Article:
BY: VEDI HADIZ
Growing closer to the 2024 Indonesian presidential election, prospects of left-leaning political parties continue to diminish. It is likely that the country’s pressing social inequality issues will continue to be ignored and exacerbated.
From time to time, the question has been put to me about how a “centre-left” in Indonesia might fare against the “centre-right” or “right” for power and influence within the country’s often lauded, but also flawed, democracy. While labels like “left” and “right” can be problematic when not contextualised, there is a more essential problem at hand: there is actually no viable and coherently organised centre-left – much less outright left – forces in Indonesia today. In fact, there are only variations of centre-right- and right-wing forces that have been able to compete for power and significant influence in any electoral competition in Indonesia since the advent of reformasi in 1998. These tend to deploy political discourses that are either heavy on nationalism or religion or some combination of both, depending on calculations of expedience and convenience.
Such an observation is relevant to understand some of the dynamics of the Indonesian presidential and legislative elections scheduled to take place early next year. If we accept the generalisation that issues having to do with social equality and justice have tended to be the purview of those having leftist political inclinations, then no major political party can be expected to carry the banner of anything resembling a political left.
The vacuum on the left side of Indonesian politics is doubly important given issues of social equality and justice are being ignored at precisely the time they have become increasingly important. It is clear, for example, that democratisation has failed to address the gnawing gap between rich and poor in Indonesia, which has been a problem since at least the heyday of the authoritarian New Order regime (1966-1998). In 2017, it was pointed out that four of the richest men in Indonesia owned wealth that was equal to the poorest 100 million of their compatriots. While Indonesia’s Gini Ratio has hovered around the 0.4 mark for some time – despite experiencing a pre-Covid-19 reduction – this does not capture how around half of the wealth is controlled by just one percent of the population.
It is notable that incumbent president Jokowi (Joko Widodo) was hailed as “a man of the people” when he first came to national prominence, initially as governor of Jakarta in 2012 and then as a successful presidential candidate in 2014. This had brought some to muse, albeit temporarily, about whether Indonesia could develop a welfare state-like system under Jokowi. But despite some social welfare and public health schemes for which he can be credited during his first term, such thoughts have now been long extinguished.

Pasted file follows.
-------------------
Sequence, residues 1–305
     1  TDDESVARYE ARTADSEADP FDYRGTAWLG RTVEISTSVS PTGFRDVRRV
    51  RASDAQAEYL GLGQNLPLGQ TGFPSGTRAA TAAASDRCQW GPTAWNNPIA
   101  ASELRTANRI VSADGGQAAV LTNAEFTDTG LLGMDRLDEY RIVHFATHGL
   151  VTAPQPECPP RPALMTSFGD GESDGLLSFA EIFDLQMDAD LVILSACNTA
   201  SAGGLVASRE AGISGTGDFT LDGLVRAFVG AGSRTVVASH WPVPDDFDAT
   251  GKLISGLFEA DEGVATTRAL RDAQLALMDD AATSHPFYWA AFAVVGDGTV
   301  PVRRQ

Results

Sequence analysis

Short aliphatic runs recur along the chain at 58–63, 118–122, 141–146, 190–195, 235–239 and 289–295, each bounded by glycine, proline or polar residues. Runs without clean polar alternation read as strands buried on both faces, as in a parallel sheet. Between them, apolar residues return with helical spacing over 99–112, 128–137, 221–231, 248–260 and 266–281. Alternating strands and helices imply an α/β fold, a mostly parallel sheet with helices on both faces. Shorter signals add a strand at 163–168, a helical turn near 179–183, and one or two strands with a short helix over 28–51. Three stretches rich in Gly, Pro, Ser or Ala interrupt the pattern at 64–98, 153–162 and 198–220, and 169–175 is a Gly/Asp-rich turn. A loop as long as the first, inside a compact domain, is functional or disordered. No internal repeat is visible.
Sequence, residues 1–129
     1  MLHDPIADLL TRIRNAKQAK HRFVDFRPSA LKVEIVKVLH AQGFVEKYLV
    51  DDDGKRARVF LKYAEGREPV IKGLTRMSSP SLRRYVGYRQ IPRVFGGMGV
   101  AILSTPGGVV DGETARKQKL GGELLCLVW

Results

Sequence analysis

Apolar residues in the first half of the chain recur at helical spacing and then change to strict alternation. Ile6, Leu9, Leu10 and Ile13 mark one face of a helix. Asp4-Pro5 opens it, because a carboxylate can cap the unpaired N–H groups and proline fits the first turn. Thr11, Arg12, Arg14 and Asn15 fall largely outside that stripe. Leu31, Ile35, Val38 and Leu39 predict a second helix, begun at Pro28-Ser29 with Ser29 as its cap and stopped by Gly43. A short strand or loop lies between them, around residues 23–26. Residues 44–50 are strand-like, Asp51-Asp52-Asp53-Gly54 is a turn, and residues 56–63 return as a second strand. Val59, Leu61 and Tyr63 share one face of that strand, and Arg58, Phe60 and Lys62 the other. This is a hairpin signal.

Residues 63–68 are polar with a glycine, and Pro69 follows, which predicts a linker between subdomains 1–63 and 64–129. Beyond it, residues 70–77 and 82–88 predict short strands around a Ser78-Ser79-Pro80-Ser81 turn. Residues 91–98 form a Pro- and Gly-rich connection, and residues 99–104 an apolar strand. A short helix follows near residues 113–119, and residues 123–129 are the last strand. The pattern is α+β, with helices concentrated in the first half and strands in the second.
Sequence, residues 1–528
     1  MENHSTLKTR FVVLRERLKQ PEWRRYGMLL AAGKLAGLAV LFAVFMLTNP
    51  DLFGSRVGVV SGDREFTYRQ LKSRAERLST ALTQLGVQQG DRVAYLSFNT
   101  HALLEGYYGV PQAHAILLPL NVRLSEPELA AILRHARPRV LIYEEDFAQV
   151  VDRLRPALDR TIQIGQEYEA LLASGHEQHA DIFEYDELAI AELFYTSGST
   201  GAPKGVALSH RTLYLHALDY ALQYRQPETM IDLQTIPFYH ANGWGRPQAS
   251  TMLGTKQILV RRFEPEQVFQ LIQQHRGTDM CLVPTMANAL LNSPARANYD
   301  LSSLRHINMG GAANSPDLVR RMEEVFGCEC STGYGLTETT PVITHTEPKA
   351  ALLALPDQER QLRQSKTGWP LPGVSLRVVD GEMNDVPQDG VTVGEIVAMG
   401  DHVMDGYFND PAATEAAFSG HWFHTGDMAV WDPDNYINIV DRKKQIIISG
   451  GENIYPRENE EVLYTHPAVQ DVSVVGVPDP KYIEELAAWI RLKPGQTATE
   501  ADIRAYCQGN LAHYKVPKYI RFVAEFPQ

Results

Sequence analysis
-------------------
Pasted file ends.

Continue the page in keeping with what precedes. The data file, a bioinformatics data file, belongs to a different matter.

Instead, there is much talk among Indonesia’s intelligentsia about how the country’s democracy has been captured by an oligarchy. Some analysts have conceived this oligarchy as being constituted by a fusion of politico-bureaucratic and big business interests that became structurally embedded within the Indonesian political economy during the New Order. Incubated by authoritarianism, the oligarchy subsequently colonised the institutions of Indonesian democracy, especially its political parties and parliaments. This view goes some way to explain why the Jokowi presidency has been ultimately so intertwined with the forces of oligarchy even if he was the first president since reformasi not to have had New Order-era credentials.
Jokowi’s non-oligarchic background also led some individuals with personal social democratic or liberal reformist pedigrees to champion him. Over his two presidential terms many such individuals have become incorporated into the government in roles of varying importance. But such legislation as the 2022 Omnibus Law, which infringes on labour rights and potentially contributes to further environmental degradation, clearly demonstrates that they lack much clout when confronting oligarchic interests. The same goes for developments which have severely weakened the Anti-Corruption Commission (KPK), formerly celebrated as a symbol of the triumph of reformasi, as well as laws designed to shield those in power from criticism, including in cyberspace – once imagined as a haven of free of expression.